|Fermata looking dignified|
When I last left you, Fermata had been admitted to the emergency pet hospital in Rhode Island and was undergoing a battery of tests, most of which came back either normal or confirming what had already been determined (i.e., hyperthyroidism and no heart disease). The worst of these results was, of course, the abdominal ultrasound that showed signs of hepatitis and enlarged lymph nodes in the gastrointestinal tract, as well as an "odd" texture to the liver. Fearing that lymphoma was the culprit, the veterinarians performed some needle aspirations. Thankfully, the results of those tests came back negative for lymphoma but positive for suppurative lymphadenitis, a bacterial infection of the lymph nodes in the GI tract. Being on antibiotics for this infection, but still not eating wonderfully in the hospital, Fermata came home in the hope that, once away from the hustle and bustle, noise and smell of the cat ward, his appetite would return and he would be on his way back to being a ten-pound cat. No such luck.
Arriving home on Thursday, January 25, 2012, my daughter and I worked diligently to encourage Fermata to eat more, but battling nausea from his medications, he just didn't feel like consuming anything. Afraid that a further drop in his weight could cause additional complications, I returned kitty to the pet hospital for installation of an esophageal feeding tube. Fermata has eaten with the assistance of this device since Saturday, January 28, 2012, the last night I think I slept more than two hours together. I am hoping that the tube can be removed soon, as he has been eating the correct amount of food on his own to sustain ten pounds of body weight. Frankly, I think I was actually starving Fermata before, unknowingly feeding him less dry food and not enough wet food in a misguided effort to switch from the latter to the former. Silly kitty mommy.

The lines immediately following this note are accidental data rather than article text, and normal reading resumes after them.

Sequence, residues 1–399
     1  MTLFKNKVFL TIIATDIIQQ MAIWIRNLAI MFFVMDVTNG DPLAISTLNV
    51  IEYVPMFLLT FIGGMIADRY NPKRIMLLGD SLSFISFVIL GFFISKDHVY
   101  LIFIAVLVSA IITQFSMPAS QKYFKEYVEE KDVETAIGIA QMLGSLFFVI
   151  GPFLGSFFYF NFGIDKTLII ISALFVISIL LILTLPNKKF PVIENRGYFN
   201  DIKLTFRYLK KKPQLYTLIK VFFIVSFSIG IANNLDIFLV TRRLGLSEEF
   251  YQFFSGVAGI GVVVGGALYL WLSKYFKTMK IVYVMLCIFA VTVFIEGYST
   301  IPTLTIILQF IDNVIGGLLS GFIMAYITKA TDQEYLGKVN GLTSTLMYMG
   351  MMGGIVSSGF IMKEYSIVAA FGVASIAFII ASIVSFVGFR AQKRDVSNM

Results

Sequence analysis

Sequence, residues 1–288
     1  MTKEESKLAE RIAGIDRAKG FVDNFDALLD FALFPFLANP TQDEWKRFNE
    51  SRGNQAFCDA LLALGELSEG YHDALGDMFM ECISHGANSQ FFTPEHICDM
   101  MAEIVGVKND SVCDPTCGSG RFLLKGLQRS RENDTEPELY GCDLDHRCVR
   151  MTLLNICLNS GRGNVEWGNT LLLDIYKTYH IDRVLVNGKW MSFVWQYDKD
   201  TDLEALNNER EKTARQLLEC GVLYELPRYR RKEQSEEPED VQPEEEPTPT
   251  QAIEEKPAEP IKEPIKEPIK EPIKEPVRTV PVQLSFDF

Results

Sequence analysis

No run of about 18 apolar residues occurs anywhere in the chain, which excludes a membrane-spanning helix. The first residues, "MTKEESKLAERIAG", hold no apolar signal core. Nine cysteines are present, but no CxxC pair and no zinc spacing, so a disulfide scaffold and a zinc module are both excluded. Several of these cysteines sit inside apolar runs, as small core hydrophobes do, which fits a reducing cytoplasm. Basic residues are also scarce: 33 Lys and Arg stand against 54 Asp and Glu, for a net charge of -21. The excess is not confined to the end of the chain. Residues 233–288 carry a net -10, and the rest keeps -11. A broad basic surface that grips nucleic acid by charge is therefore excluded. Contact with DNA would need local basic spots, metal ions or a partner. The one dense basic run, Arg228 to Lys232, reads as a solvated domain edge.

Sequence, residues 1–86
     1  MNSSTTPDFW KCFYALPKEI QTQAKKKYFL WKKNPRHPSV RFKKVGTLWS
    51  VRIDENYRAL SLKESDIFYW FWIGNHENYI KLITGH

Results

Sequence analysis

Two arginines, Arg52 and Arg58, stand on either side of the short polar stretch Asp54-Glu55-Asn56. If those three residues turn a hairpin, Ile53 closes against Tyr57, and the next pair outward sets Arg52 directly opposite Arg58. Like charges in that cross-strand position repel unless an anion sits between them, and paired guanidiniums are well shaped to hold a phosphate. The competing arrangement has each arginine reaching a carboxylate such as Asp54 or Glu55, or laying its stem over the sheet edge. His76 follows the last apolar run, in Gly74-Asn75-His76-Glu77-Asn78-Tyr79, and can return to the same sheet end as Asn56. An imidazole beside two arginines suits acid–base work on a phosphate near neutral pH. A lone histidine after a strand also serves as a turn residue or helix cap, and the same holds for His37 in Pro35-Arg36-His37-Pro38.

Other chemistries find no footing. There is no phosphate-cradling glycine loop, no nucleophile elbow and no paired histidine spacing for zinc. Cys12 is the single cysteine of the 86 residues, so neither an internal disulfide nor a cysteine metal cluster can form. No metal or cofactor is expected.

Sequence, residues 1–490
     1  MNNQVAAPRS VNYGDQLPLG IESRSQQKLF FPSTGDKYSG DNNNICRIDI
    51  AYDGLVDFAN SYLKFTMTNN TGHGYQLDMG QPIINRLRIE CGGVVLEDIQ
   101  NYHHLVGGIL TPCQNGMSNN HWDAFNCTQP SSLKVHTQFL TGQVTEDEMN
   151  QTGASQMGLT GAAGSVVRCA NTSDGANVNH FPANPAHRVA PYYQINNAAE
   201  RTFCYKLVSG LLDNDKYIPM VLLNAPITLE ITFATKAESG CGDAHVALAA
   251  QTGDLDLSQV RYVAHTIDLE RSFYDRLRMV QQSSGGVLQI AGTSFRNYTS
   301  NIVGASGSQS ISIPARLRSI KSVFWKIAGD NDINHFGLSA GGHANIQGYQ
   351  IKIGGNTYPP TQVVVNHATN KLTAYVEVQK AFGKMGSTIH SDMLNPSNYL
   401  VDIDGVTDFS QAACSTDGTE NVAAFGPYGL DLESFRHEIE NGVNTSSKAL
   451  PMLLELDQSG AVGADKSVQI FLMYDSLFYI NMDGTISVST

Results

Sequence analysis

One other development: while in the hospital, Fermata started taking the tablet form of methimazole, rather than the cream version that I initially preferred. Apparently, more uniform dosing can be achieved with the tablets and since he is tolerating them well, Fermata will be pilled twice a day from now on, unless my husband and I decide to have kitty undergo radioactive iodine therapy, which would remove any need for thyroid medication. That decision is in the future, though. The current priority is to return Fermata to his previous eating habits and to maintain a healthy weight in the ten to eleven pound range.
Kitty Health Update #3
Kitty Thyroid Update #2
Kitty Thyroid Update #1
Another Thyroid Patient